Saint Mary of the Angels homilies and reflections

Homily, September 2, 2012, 22nd Sunday of Ordinary Time, "Doers of the the Word", Fr. Ken Hughes, SJ


Sunday 22 OT B 9/2/12 St. Mary of the Angels

Deuteronomy 4:1-2, 6-8; James 1:17-18,21b-22, 27; Mark 7:1-8,14-15,21-23

My Brothers and Sisters,

Whenever election time comes around, you can be sure that someone wants to "take back America" or promises to "change it," or "turn it around," or vows "responsibility" in the face of irresponsibility, etc. etc. This year, we have heard all of the above and also an interesting, though scary, addition, the claim: "We built it." But, just who is the "we"? And what is the "it"?

"We built it" reminds me of those who long ago said, "Come, let us build ourselves a city and a tower with its top in the sky and so make a name for ourselves." And so, they built the Tower of Babel. Well, we know how that story ended: with a confusion of communication which continues to the present day!

No wonder, the Psalmist cautions all of us, "Unless the Lord build the house, they labor in vain who build."

Buildings, whether churches, hospitals, schools, businesses, or houses, are simply buildings. They may be beautiful or they may be ugly. Beautiful buildings do please the eye and can lift the spirit. But, more important than beautiful buildings is what goes on inside those buildings.

In churches, are we worshipping with our hearts as well as our lips?

In hospitals, are we healing souls as well as bodies?

In schools, are we educating the heart as well as the mind?

In businesses, are we paying more attention to people than to products?

In houses, are we creating homes or just fashioning furniture?

As Jesus also points out so powerfully today, what is important is not what the outside looks like but what the inside looks like. The issue here in the Gospel is about cleanliness. The Pharisees wanted to make sure that the outside, whether of hands or cups, or jugs or kettles was clean. But Jesus claimed that the real dirt that needs cleaning up is on the inside: "evil thoughts, unchastity, theft, murder," etc. St. James, in the second reading, then, points out what real cleanliness does look like. He writes, "Religion that is pure and undefiled before God and the Father is this: to care for orphans and widows in their affliction and to keep oneself unstained by the world."

Real religion concerns itself with the most vulnerable of society. Then, it was orphans and widows. Today, we would add, "immigrants and veterans, children and the elderly, prisoners and the mentally sick. It is said that a nation is judged by how it takes care of the weakest members of society. We can say that a church is judged by how love of God expressed in worship unites with love of neighbor expressed in service. How, then, as a nation and Church, can we allow 20 per cent of our people to live below the poverty line? How can we impede health care for all? This week, when Hurricane Isaac struck New Orleans exactly seven years to the day when Katrina devastated the city, (Note that biblical number: 7!) can we not see that God is sending a clear message to make "green" our world or face increasing annihilation? If we do not pay attention to the poor today, will we not have to pay for crime and violence tomorrow? And, if we do not control the destructive potential of guns, surely, each act of violence will wound and kill a wider audience, which someday may include you and me. These are all big issues!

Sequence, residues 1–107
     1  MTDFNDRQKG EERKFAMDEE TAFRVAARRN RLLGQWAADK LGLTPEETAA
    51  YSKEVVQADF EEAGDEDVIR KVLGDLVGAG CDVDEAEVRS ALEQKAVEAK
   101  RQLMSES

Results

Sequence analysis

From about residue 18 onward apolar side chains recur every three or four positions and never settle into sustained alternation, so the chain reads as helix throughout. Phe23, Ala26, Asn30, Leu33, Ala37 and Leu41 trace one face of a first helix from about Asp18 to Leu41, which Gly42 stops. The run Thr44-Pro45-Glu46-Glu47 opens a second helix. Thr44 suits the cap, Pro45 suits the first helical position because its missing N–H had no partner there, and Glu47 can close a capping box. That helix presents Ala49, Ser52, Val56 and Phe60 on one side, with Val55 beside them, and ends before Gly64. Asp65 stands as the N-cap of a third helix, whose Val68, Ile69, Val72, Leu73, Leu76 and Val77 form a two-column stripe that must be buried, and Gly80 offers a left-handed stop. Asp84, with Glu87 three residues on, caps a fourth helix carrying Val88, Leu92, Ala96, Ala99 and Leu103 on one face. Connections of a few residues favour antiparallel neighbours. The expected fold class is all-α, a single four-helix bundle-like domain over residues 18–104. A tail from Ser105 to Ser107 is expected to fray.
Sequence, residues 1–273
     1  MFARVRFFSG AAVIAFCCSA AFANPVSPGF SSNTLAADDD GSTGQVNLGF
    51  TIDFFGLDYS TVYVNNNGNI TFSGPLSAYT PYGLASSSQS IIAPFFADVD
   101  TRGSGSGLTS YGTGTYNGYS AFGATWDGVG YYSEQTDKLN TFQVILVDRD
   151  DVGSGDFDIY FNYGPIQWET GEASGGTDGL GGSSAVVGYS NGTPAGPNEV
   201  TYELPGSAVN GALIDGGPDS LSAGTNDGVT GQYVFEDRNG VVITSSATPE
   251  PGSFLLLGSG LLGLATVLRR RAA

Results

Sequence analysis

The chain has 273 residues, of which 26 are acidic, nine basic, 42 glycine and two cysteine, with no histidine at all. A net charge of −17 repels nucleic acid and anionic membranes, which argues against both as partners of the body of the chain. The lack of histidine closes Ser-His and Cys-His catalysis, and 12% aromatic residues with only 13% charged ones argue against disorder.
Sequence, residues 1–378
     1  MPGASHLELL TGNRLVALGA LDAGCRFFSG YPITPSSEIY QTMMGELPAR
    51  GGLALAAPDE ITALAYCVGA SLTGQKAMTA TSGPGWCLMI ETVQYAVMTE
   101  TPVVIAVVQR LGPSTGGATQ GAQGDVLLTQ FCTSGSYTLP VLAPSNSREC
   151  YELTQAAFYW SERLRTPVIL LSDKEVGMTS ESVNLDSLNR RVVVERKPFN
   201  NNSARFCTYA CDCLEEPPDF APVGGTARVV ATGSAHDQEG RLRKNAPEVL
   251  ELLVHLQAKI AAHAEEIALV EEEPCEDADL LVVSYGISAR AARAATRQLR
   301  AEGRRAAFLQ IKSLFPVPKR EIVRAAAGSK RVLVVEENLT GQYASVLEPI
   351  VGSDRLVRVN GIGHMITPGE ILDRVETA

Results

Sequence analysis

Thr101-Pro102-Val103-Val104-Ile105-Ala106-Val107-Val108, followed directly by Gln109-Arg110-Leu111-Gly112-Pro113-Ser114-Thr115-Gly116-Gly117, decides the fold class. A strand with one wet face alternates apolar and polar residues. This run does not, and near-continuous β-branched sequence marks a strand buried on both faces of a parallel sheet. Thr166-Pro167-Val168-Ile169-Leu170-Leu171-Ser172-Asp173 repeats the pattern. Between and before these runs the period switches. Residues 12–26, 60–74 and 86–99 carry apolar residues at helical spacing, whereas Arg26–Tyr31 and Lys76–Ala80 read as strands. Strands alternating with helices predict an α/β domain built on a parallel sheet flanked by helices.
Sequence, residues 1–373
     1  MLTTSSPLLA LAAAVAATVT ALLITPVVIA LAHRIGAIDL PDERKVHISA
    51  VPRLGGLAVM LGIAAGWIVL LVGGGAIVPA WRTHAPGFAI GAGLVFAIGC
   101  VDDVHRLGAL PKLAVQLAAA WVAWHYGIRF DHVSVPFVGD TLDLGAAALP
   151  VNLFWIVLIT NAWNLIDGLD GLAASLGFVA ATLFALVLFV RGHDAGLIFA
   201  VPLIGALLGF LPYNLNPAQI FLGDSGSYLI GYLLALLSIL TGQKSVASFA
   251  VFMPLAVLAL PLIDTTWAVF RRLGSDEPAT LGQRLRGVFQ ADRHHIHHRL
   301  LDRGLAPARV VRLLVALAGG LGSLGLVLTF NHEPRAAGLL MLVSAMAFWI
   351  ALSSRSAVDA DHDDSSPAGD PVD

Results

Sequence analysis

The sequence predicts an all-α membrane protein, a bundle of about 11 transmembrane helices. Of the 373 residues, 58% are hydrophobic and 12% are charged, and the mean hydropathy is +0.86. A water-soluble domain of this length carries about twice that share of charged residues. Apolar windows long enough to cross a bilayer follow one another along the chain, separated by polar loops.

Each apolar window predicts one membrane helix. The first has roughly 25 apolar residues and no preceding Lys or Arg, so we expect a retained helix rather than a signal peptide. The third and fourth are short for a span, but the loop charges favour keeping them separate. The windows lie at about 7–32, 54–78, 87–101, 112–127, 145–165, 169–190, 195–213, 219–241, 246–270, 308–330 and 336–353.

No wonder Jesus was upset with the narrow minded Pharisees and their pre-occupation with external details! How much easier it is to fuss around with external cleanliness and numerous details than to look hard at one’s selfishness and greed of heart and make the choices and sacrifices necessary for the common good. Entitlements? Neither the rich nor the poor are entitled to anything. All is a gift from God. We did not build this country by ourselves nor did we gain our wealth without the suffering of others. We have been given so much and handed on so much to work with. God calls us to be faithful stewards of his gifts, to see that we work together for the good of all people – people of other nations too! – and to offer opportunities to those who need them the most for survival.

A little earlier, I mentioned that it does not matter so much whether a building is beautiful or ugly; what matters is what takes place inside that building. I think that it is safe to say that St. Mary of the Angels is not exactly one of the beautiful churches in the Archdiocese of Boston! But, we can claim that few churches hold inside the spiritual dynamism of this church community. We rejoice in this inner life expressed in outward action. In the words of St. James, we want to be "doers of the word and not hearers only." Still, there is even more that we can be and do. We need to encourage one another and we need to invite others to work along with us. I believe that there are good people out there, people stirred by God’s grace, but who have not yet heard the call, the invitation, to labor in the Lord’s vineyard. The Kingdom of God is not something we build. The Kingdom of God is God’s gift to us in Jesus. But, we are invited to labor in the Lord’s vineyard so that the values of God’s Kingdom may flourish more strongly among us.

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